We started early – 7:45am – because the weather forecast called for rain around mid-day, and we’d heard that the final half-mile involved a very steep descent that would become hellish if the rocks were wet.

We began with a quick trip up Mt. Monroe, which rises about 400 feet above Lake of the Clouds. It only took us about half an hour, if that. The trail, while rocky, was an actual thing, and not an amorphous sea of boulders.

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Kira and me on the third day, near the top of Mt. Monroe

 

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Atop Mt. Monroe

After that we hit three more peaks —Franklin, Eisenhower, and Pierce—as the trail steadily lost elevation between each pair of mountains.   (Franklin, like Clay, doesn’t count as an official 4000-footer. It’s too close to Monroe.)  I had planned on skipping Eisenhower, since the whole family had climbed it as a day hike a few years ago, but Kate and Elanor were keen to go over it.

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Descending from Mt. Monroe

 

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Looking toward Mt. Eisenhower

 

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Cairns guiding the way

 

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The cairn marking the top of Mt. Eisenhower

 

As much as I enjoyed the scenery, I was quite keen on arriving at Mizpah Hut ahead of the rain, so I exhorted the family not to dawdle too much.  The final half-mile drops about 500’ in a series of steep rocky slopes, which was not my knees’ favorite part of the Traverse, but we made it to the hut about ten minutes before the rain started. Perfect timing!

 

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Kate at the entrance to Mizpah Hut

 

DAY FOUR — Mizpah Spring Hut to Route 302

Our Traverse effectively ended the previous day, since, with a shuttle to catch, we chose to eschew the final possible 4000-footer (Mt. Jackson) and simply take the straight line trail back to the road. As such, we finished with a leisurely 2.5 mile descent from the Mizpah Hut to Route 302, arriving at ground level well before noon.  The report from my knees was that this was just as well, given the rigors I had put them through.  Also, I’m sure my kidneys appreciated that I wouldn’t need another day of gulping down Naproxen to soothe my various aches and pains.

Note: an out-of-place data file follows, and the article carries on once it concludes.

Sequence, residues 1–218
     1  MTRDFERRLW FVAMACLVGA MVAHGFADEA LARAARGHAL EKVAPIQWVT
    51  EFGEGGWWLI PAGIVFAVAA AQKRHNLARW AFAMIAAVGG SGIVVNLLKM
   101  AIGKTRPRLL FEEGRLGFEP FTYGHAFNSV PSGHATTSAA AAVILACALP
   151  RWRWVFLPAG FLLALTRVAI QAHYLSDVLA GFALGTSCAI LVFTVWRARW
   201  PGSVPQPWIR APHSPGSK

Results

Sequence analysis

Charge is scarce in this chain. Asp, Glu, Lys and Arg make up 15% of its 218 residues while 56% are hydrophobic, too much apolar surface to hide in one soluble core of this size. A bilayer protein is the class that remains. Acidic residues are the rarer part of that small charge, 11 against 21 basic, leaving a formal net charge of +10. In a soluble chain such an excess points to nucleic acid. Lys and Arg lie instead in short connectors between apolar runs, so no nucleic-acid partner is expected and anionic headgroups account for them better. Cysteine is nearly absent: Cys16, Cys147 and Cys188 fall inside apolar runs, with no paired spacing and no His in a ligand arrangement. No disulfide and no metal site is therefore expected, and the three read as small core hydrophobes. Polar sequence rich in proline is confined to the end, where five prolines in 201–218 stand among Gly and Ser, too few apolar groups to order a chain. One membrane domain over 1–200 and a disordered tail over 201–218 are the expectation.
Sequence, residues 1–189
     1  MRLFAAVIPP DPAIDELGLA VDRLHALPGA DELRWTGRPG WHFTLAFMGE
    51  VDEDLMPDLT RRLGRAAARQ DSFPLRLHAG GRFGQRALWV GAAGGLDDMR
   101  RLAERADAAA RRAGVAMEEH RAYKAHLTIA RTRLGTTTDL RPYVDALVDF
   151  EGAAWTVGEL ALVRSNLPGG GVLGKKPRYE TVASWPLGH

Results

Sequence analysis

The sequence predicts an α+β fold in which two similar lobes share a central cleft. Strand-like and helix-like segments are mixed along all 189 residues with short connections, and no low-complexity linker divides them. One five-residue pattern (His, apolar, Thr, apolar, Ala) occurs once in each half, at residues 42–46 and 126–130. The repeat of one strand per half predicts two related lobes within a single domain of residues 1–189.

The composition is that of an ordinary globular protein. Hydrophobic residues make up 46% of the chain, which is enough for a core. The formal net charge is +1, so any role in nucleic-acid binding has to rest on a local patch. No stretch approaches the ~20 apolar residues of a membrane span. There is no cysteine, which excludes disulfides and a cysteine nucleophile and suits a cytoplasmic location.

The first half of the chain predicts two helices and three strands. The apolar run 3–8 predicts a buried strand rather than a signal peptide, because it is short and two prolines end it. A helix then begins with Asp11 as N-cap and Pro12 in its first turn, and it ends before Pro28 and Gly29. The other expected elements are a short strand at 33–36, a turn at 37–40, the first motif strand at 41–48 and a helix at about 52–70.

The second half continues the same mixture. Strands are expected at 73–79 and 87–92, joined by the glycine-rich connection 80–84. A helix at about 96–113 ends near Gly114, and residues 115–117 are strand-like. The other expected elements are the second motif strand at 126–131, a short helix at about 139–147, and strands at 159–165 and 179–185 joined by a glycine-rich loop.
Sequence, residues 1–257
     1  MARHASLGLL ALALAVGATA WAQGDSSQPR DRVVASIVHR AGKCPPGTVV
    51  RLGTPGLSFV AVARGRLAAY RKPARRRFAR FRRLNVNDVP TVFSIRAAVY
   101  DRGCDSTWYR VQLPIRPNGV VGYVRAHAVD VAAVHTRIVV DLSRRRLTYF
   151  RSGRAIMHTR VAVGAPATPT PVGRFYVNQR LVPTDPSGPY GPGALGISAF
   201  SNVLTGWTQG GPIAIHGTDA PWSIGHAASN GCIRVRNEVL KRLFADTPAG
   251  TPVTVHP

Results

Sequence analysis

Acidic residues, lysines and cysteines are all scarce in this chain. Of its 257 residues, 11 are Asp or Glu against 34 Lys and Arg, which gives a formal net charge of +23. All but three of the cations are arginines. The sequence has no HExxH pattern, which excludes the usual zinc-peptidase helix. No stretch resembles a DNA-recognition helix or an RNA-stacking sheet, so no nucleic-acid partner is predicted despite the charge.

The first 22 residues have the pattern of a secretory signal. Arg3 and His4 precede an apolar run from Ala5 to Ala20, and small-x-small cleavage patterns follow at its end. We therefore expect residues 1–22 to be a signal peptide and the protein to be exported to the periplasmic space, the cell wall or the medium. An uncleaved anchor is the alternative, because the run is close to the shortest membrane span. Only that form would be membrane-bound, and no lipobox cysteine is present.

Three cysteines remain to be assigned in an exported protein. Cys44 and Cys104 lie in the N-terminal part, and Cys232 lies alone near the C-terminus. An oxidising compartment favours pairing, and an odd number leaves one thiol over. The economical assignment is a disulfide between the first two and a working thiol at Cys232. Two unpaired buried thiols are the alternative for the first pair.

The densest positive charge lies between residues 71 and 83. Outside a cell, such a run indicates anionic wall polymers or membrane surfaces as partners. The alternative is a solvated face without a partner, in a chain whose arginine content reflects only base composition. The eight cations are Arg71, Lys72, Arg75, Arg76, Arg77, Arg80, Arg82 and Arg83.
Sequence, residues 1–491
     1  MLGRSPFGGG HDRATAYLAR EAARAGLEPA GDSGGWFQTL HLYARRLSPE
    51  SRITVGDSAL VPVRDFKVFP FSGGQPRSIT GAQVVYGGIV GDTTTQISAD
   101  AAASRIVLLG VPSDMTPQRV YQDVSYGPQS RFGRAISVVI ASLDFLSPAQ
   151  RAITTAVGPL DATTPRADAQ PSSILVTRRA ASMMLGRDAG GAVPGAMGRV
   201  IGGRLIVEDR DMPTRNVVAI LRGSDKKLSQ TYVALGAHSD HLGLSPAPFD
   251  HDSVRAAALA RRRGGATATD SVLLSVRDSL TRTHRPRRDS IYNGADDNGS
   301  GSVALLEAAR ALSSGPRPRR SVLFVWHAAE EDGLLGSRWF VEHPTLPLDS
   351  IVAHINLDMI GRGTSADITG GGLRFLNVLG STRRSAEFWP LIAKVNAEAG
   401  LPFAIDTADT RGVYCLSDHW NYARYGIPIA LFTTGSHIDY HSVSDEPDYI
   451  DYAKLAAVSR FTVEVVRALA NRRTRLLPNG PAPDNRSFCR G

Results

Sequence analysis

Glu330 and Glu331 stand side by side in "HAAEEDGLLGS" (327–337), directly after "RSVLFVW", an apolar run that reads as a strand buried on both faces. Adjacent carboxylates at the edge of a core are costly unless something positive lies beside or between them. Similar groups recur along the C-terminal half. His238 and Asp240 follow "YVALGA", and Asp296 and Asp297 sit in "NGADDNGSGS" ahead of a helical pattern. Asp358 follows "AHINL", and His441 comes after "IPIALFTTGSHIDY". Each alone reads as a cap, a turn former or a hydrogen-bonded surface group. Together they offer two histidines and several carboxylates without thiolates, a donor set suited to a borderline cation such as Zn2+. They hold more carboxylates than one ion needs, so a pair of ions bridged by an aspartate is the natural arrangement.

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The beautiful trail down from Mizpah Hut

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My beautiful wife on the aforementioned beautiful trail

 

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Hail the conquering heroes!

My absolute kick-ass daughters still had energy to spare as we waited for the shuttle at the Highland Center in Crawford Notch. They could have spent a fourth day climbing up and down mountains, but for now, we’ll have to wait on continuing to knock 4000-footers off our list.

Aside from the expected feelings of exhilaration and exhaustion, I was left feeling like I wanted to keep conquering mountains, but that I have no great desire to see the boulders of Madison, Adams, and Jefferson again. (I’d take the views, though!)  I still have plenty of hiking ahead of me, having only reached the top of 13 out of the 48 4000-footers of New Hampshire, but among those 13 are the 7 highest – all the 5000-footers on the list. (Washington, Adams, Jefferson, Madison, Monroe, Lafayette, and Lincoln.)

I will leave you with this map of our route, with our path marked in blue.  (Note that Mt. Clinton has since be renamed to Mt. Pierce.)

 

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About dorianhart

novelist, game designer, amateur musician, dad
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1 Response to The Presidential Traverse

  1. Pingback: Week 34: Glory – Reflections and Resolutions